A: Regrettably, what you describe is unfairness, and a business using evaluation criteria that are not aligned with employee and company goals. To be discrimination with regard to the the employment laws the evaluation metric would need to disadvantage a category of employees based, for example, on their race, sex, national origin, religion, age, disability, sexual orientation or offender status. Unfairness to disadvantage certain categories is discrimination. Unfairness not intended to disadvantage based on category is not discrimination.
Q. Took a low pay entry level job. Turns out I am also the manager, solely responsible for all staff & operations. Legal?
A: There is nothing particularly wrong from a legal standpoint. The position is not what was advertised, which happens often. Your choices include trying to get your employer to alter the duties of the job, trying to make a considerate exit from the position, or just quitting.
Q. h1b: non compete: what happens to h1 state in garden leave.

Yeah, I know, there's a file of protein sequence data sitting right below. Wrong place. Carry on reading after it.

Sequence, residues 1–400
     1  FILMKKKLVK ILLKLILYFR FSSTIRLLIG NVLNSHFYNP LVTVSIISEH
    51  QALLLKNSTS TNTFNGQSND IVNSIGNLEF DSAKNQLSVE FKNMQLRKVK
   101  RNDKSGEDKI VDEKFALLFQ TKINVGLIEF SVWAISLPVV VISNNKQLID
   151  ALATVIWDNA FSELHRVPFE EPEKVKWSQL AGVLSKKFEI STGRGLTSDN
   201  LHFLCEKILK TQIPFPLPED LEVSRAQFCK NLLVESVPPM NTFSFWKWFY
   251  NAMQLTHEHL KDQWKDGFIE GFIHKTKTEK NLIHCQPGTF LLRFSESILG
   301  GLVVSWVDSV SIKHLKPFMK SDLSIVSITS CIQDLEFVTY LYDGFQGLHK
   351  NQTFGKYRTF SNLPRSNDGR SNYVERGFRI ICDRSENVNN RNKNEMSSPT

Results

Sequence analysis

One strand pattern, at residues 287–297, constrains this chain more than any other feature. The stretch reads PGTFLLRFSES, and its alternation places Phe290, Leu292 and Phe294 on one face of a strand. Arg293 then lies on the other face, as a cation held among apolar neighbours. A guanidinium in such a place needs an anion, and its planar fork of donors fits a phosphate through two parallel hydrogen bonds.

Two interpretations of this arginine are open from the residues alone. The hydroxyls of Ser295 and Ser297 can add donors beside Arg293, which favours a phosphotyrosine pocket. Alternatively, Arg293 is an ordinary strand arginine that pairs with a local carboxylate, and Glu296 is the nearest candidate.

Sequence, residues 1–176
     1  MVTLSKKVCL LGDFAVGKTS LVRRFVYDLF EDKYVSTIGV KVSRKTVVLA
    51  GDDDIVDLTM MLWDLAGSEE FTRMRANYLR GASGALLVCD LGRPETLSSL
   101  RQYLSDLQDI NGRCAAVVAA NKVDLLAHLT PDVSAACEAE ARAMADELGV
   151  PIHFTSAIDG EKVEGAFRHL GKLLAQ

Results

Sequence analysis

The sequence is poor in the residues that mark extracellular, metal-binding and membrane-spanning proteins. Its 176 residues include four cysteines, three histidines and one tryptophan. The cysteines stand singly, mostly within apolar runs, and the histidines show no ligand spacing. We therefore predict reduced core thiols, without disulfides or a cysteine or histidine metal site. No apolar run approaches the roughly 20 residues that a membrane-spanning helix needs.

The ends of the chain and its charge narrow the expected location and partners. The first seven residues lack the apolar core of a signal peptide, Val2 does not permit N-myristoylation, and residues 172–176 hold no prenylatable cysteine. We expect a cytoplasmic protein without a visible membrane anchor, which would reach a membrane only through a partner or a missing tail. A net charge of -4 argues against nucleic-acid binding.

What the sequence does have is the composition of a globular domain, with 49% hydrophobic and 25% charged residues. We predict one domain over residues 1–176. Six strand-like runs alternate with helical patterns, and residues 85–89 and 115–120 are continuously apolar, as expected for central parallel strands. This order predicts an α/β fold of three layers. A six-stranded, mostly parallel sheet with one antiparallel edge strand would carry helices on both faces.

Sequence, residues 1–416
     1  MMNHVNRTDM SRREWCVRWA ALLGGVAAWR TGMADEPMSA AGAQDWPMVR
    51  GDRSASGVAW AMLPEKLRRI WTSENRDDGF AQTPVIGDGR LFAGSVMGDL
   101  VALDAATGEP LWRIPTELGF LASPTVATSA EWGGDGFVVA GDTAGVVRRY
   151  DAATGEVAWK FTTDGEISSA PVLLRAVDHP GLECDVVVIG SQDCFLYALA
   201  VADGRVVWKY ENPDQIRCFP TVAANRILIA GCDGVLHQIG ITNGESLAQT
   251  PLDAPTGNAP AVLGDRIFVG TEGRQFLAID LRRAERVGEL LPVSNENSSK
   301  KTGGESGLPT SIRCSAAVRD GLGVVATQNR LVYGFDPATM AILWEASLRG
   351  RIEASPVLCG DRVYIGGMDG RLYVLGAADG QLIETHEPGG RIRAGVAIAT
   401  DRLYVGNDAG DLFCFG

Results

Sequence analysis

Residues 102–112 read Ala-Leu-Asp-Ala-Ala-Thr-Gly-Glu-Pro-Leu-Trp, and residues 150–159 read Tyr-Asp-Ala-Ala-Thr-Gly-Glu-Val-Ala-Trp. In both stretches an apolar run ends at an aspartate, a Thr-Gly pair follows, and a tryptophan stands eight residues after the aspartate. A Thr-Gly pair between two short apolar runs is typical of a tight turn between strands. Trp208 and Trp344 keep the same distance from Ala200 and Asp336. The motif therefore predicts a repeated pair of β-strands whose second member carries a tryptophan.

A: You are asking very fact specific questions that implicate both employment law and immigration law. The level of detail of your questions reminds me of a law school exam question. Online forums by their very nature are only appropriate for general questions. More specific questions like yours require a lawyer's paid expertise. You need to contact an immigration lawyer with employment law experience, or an employment lawyer with immigration experience. Don't risk online answers when your immigration status is at risk.
Q. Can an employer offer severance to union employees while no offering anything to the nonunion employees?
A: This is the power of a labor union. When an employer eliminates union jobs, the employer must negotiate the effects of the job elimination, and frequently awards severance. With nonunion employees, the employer does not need to provide severance. The employer is not required to treat union and nonunion employees similarly.
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Contact & Map
Cazenovia, New York
9 Rippleton Road
Cazenovia, NY 13035
USA
Telephone: (315) 440-6950
Syracuse, New York
9 Rippleton Road
Cazenovia, NY 13035
USA
Telephone: (315) 440-6950